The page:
- use selected supplements, medications
     4. reevaluate and adjust as circumstances change (e.g., disease, finances, psychology, social, level of activity)

 11. Briefly describe the body's energy economy and energy balance including the contributions made by (1) BMR, (2) muscle activity, and (3) defense and healing processes and age-related changes in these parameters.

     1. BMR = resting rate of energy use
           - due to respiratory action, muscle metabolism, brain and liver metabolism, digestion, maintaining body temperature, growth, turnover of cells (e.g., skin, digestive mucosa), healing
           - depends heavily on muscle mass
           - aging -> variable but general decr. due to decr. muscle mass
     2. muscle contraction -> very large and variable contribution
           - aging -> variable but general decr. due to decr. activity
     3. defense and healing -> very variable contribution
           - important for elderly due to incr. number and severity of diseases
           - aging -> variable but often incr. due to incr. abnormal and disease conditions

12. Describe strategies to maintain energy balance and nutritional homeostasis.

     1. decr. kcals but incr. nutrient density when decr. energy needs
     2. incr. activity to allow incr. eating with no weight gain

13. Describe effects from being obese and being underweight.

     - obesity (see supplementary table Problems Increased by Obesity)
          - adverse effects on many body system; increases risk of many diseases; social, psychological, economic impact
             For the U.S. National Library of Medicine and NIH comprehensive web site about obesity, go to .

            For “Clinical Guidelines on the Identification, Evaluation, and Treatment of Overweight and Obesity in Adults” by the National Heart, Lung, and Blood Institute, go to . For a PDF file of report on obesity, go to . Go to page 12 of the report for the section on health risks and other outcomes from obesity (e.g., social, psychological). For the NHLBI BMI calculator, go to or (suggested by Zara Henderson). For the NHLBI web page with tips and information about healthy weight, overweight, and underweight, go to and to

For the Centers for Disease Control and Prevention web site on “Overweight and Obesity”, go to . It has links to diverse topics about obesity and weight control (e.g., contributing factors, trends, consequences, recommendations, BMI calculators) .

            For the Merck comprehensive web site about obesity,  go to .

     - underweight
          - weakness, fatigue, decr. body temp. regulation in cold, decr. resistance to abnormal and disease conditions, decr. body reserves for use during stress periods (e.g., recovery from illness)

14. Name the overall uses for the following dietary nutrients: digestible carbohydrates (CHOs), fiber, lipids, proteins, water, vitamins, minerals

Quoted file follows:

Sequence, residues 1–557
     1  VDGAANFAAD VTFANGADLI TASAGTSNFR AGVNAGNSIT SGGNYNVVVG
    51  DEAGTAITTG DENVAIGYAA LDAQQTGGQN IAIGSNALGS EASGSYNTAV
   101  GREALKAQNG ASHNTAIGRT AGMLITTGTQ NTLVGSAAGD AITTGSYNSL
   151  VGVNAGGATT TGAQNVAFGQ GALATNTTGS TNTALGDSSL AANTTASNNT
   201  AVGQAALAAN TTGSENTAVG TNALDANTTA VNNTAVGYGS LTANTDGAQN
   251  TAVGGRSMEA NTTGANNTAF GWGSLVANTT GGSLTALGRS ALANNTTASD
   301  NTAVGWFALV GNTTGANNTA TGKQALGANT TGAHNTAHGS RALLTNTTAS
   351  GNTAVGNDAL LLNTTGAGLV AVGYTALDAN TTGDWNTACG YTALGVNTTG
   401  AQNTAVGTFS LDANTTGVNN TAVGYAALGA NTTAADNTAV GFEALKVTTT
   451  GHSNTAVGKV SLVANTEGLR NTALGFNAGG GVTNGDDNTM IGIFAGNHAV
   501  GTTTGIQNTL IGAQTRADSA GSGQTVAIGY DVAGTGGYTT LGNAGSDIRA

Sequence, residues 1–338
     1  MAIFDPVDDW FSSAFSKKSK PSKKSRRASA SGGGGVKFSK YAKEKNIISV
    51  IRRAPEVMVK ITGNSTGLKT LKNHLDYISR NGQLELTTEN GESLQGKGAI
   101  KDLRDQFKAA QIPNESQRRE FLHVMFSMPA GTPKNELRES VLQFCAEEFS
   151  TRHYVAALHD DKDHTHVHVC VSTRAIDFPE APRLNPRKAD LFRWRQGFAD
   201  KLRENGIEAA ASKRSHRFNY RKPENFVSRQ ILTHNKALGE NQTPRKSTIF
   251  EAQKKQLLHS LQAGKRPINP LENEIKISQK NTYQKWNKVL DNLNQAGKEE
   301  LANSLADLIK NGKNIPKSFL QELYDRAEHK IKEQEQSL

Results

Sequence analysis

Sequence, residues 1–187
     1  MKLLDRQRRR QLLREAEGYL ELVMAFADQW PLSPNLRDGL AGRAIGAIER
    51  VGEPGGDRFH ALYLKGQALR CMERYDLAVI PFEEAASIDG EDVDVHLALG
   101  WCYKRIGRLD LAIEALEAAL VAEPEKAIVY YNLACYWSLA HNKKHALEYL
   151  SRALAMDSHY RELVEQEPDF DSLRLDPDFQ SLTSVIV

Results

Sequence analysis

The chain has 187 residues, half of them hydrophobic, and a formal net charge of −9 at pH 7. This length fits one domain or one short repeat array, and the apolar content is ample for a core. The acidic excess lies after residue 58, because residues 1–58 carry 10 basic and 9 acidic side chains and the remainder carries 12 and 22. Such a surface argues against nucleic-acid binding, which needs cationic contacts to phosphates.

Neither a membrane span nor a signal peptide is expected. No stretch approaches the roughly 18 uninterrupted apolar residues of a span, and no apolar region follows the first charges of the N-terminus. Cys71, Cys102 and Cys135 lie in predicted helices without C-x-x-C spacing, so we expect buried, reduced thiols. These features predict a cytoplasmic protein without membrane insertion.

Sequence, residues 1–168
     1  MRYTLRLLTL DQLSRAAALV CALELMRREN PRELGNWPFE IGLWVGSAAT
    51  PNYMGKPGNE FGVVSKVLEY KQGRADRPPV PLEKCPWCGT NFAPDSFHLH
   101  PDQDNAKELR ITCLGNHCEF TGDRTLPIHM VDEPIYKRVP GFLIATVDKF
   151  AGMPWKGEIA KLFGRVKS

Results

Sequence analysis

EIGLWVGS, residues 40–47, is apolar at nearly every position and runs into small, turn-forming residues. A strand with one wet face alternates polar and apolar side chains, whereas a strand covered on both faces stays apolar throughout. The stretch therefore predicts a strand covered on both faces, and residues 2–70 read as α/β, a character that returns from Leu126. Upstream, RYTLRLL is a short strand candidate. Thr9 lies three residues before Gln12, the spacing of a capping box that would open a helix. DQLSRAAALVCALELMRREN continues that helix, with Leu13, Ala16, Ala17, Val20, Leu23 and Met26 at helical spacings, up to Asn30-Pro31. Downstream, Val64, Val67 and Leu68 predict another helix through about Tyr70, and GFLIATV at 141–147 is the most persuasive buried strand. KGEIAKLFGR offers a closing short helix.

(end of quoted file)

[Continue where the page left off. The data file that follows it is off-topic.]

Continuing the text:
- digestible CHOs -> energy, raw materials
     - fiber -> aids to large intestine functioning, decrease cholesterol absorption, slows glucose absorption (diabetes)
     - lipids -> energy, raw materials, vitamin absorption, essential fats for essential body molecules (e.g.,. for clotting factors, regulating BP, immune system),
     - proteins -> energy, raw materials, essential amino acids
     - water -> aid digestion, temperature regulation, circulation, cell size and shape (osmotic pressure)
     - vitamins -> assist in many reactions
     - minerals -> building material, assist reactions, nerve and muscle functions

15. Name problems resulting from having inadequate or excessive levels of carbohydrates, lipids, proteins, water, vitamins, and minerals.

     -  see supplementary tables Limiting Intake of Fat, Saturated Fat, and Cholesterol  Facts About VitaminsFacts About Individual Minerals

16. Describe the general characteristics of a diet that can provide proper nutrition and explain the underlying reasons for these characteristics.

     - eat a variety of foods in moderation to obtain a complete mixture of the many and varied nutrients needed to support the body's many and varied structures and functions.

17. Explain in general terms why obtaining an adequate diet to obtain nutritional homeostasis becomes more difficult as age increases and why dietary planning must be more individualized as people age.

     - incr. adverse age changes, incr. abnormal conditions, incr. diseases, and incr. use of medications in many systems plus adverse social, psychological, and economic changes - > difficulty selecting, obtaining, preparing, eating, and digesting foods and in absorbing and using nutrients

18. Discuss the interactions between nutrition and alcohol consumption, medications, and disease.

    - see supplementary table Effects of Alcoholism on Nutrients

19. Describe caloric restriction (CR) and its effects on ML and XL.

     - CR is reduced caloric intake without malnutrition for specific nutrients
     - results in increases in ML, in XL and in general health of most animal species studied
     - only known technique that increases XL
            For the Wikipedia on-line encyclopedia site on caloric restriction, go to .

            For the NIA web page on caloric restriction, go to restriction

            For the Caloric Restriction Society web site, go to.


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© Copyright 1999 - Augustine G. DiGiovanna - All rights reserved.